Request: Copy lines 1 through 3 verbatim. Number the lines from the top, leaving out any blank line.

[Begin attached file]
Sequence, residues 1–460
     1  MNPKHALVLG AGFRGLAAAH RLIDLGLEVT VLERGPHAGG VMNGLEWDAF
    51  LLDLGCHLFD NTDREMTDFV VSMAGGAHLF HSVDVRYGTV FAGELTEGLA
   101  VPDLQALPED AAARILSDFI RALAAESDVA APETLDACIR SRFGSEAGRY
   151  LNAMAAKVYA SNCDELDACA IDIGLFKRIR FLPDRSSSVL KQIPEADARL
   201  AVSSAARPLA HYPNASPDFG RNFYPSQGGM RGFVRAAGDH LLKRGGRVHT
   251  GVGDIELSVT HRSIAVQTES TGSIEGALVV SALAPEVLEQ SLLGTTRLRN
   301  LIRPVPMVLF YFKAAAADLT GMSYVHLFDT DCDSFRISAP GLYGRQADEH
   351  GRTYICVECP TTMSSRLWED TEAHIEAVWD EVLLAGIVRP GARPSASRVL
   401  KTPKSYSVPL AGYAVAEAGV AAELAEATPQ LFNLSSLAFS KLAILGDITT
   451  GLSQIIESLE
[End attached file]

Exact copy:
Sequence, residues 1–460
     1  MNPKHALVLG AGFRGLAAAH RLIDLGLEVT VLERGPHAGG VMNGLEWDAF
    51  LLDLGCHLFD NTDREMTDFV VSMAGGAHLF HSVDVRYGTV FAGELTEGLA